Gold Price Forecast Overview:
- Gold prices have been able to maintain their impressive gains during the past several weeks of consolidation. The next leg up may be starting now that the flag/symmetrical triangle is yielding a bullish breakout.
- Gold volatility has turned higher the past two days, tracking the jump in US equity market volatility as risk appetite has eroded into the middle of May.
- According to the IG Client Sentiment Index, gold prices may still rally despite traders staying long.
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Gold Prices Weather the Storm, Emerge Unscathed
After hitting a fresh yearly high and their highest level since 2013, gold prices have been trading sideways for the better part of the past month. Despite the fact that the US Dollar (via the DXY Index) has proven resilient and equity markets have rallied higher, gold prices have not budged after their impressive gains during the early stages of the coronavirus pandemic. After all, gold prices are the ultimate hedge against sovereign incompetence.
It is beginning to appear like that ‘the bounce’ in risk appetite is over. Federal Reserve Chair Jerome Powell’s comments yesterday, that more fiscal stimulus is necessary, are falling on deaf ears among fiscal policymakers in Washington, D.C.: US President Donald Trump has said that House Democrats’ latest stimulus proposal is “dead on arrival.”
Despite the worst economic crisis in American history gathering pace with now more than 35 million Americans without work, Congress will bicker and banter without brokering any deal. And so, as sovereign incompetence appears to be on the rise, risk appetite is fading, and gold prices are gaining some room to shine again.
Read more: US Recession Watch, May 2020 – US Yield Curve Hides the Truth
Gold Volatility Edges Up as Equity Volatility Jumps
Gold prices have a relationship with volatility unlike other asset classes, even including precious metals like silver which have economic uses. While other asset classes like bonds and stocks don’t like increased volatility – signaling greater uncertainty around cash flows, dividends, coupon payments, etc. – gold tends to benefit during periods of higher volatility. Heightened uncertainty in financial markets due to increasing macroeconomic tensions increases the safe haven appeal of gold. That we’ve witnessed equity volatility (as measured by the VIX) jump in recent days further supports the bullish narrative for gold prices.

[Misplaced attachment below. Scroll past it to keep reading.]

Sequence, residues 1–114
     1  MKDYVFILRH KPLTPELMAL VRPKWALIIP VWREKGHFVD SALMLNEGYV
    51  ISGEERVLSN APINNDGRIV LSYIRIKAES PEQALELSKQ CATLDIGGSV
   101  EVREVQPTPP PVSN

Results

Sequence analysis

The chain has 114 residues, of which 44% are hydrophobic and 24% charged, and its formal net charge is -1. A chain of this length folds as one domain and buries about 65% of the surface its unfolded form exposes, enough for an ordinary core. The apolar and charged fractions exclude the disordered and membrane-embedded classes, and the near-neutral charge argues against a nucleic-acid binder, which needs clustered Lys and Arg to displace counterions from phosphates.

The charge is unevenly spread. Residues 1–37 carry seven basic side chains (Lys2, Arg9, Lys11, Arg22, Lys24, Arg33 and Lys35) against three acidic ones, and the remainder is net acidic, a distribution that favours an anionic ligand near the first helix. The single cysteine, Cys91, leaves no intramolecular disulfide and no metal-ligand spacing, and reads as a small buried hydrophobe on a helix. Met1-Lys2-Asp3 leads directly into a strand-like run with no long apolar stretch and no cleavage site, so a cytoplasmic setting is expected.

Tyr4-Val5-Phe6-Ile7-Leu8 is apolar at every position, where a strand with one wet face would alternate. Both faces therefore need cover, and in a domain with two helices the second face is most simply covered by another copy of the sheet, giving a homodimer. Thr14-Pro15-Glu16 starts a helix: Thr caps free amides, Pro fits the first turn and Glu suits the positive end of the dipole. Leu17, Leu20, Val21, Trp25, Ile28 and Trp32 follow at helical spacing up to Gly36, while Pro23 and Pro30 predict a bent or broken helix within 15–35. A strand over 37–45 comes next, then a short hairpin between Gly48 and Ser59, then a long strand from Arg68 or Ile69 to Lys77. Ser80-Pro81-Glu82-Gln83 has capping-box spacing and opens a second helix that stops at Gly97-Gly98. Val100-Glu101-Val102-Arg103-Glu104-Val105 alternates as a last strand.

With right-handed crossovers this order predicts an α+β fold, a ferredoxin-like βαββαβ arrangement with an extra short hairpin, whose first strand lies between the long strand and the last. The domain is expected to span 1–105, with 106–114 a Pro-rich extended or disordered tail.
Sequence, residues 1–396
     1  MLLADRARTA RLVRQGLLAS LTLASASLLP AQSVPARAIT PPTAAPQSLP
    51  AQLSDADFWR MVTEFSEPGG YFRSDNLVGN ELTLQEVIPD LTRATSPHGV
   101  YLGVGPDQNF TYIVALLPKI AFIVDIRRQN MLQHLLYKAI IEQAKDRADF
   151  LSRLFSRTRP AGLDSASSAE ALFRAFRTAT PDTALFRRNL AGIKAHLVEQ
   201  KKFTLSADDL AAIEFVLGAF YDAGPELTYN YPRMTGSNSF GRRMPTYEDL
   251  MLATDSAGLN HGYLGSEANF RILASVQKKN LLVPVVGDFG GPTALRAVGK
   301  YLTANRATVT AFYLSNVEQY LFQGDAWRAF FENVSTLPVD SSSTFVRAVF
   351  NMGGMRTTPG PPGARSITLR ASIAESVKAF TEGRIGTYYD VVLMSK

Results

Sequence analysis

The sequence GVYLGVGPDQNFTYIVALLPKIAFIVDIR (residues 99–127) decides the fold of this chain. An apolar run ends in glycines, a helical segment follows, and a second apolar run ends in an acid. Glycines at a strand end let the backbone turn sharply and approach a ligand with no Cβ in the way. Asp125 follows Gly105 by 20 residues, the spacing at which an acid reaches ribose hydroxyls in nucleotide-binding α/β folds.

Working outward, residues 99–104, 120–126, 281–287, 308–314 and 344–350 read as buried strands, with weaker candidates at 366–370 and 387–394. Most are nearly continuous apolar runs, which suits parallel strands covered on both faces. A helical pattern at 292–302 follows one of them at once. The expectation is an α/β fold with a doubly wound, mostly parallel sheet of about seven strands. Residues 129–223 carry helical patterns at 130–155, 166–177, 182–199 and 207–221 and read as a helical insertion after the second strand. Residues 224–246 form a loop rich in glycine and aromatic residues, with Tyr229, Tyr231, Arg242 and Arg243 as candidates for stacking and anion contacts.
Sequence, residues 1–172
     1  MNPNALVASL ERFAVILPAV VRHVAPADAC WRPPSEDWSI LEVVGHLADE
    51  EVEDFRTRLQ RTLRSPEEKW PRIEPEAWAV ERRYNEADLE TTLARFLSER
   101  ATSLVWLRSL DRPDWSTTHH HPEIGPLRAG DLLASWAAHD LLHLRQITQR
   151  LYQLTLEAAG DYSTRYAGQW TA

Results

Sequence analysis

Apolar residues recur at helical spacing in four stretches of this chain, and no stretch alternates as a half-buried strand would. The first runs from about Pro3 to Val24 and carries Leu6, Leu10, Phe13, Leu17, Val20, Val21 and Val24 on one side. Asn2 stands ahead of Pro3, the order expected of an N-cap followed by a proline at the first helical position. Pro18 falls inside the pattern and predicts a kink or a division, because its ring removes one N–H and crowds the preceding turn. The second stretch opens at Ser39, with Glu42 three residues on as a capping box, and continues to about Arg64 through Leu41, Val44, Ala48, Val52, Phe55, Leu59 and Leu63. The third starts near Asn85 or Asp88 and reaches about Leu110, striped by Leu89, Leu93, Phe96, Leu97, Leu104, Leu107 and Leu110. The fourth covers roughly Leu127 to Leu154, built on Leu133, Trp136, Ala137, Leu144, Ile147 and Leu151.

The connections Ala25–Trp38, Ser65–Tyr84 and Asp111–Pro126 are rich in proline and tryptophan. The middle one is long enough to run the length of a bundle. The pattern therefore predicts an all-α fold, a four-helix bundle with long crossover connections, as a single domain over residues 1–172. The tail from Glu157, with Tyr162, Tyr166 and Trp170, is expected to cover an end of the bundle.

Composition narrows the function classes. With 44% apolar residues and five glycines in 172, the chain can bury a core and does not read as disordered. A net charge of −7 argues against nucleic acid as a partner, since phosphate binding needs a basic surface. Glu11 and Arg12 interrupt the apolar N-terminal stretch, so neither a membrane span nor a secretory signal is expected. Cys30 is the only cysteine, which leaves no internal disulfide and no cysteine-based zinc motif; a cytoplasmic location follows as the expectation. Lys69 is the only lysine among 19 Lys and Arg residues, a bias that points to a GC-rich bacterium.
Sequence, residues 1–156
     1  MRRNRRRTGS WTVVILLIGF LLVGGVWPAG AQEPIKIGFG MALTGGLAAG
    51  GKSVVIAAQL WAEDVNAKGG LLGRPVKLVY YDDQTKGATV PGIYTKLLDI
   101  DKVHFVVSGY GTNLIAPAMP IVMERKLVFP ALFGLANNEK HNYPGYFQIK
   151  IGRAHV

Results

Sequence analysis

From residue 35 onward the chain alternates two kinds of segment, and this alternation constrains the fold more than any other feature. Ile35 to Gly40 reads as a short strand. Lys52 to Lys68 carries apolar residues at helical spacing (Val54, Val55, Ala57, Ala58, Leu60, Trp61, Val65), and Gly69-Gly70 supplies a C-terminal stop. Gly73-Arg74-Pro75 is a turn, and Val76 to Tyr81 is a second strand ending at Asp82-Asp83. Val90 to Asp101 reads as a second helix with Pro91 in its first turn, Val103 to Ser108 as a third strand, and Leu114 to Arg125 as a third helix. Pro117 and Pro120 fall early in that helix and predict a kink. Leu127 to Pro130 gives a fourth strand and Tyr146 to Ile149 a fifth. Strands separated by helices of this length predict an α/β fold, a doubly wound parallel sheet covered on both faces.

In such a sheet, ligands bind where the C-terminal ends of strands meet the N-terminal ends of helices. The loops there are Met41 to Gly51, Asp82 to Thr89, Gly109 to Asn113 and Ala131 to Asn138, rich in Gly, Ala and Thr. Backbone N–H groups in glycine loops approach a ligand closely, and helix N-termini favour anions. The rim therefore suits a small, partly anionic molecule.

Read more: How Do Politics and Central Banks Impact FX Markets?
GVZ (Gold Volatility) Technical Analysis: Daily Price Chart (October 2008 to May 2020) (Chart 1)
Gold volatility (as measured by the Cboe’s gold volatility ETF, GVZ, which tracks the 1-month implied volatility of gold as derived from the GLD option chain) is trading at 22.71, still a far cry from the absolute highs set in mid-March near 85.50. It’s been our observation for several weeks that “despite gold volatility breaking its initial coronavirus pandemic lows, gold prices did not follow lower.” It appears that a one-way street has emerged: falling gold volatility is neutral; rising gold volatility is bullish.
As such, the 5-day correlation between GVZ and gold prices is 0.92 while the 20-day correlation is 0.00; one week ago, on May 7, the 5-day correlation was -0.43 and the 20-day correlation was -0.10; and one month ago, on April 9, the 5-day correlation was -0.84 and the 20-day correlation was -0.74.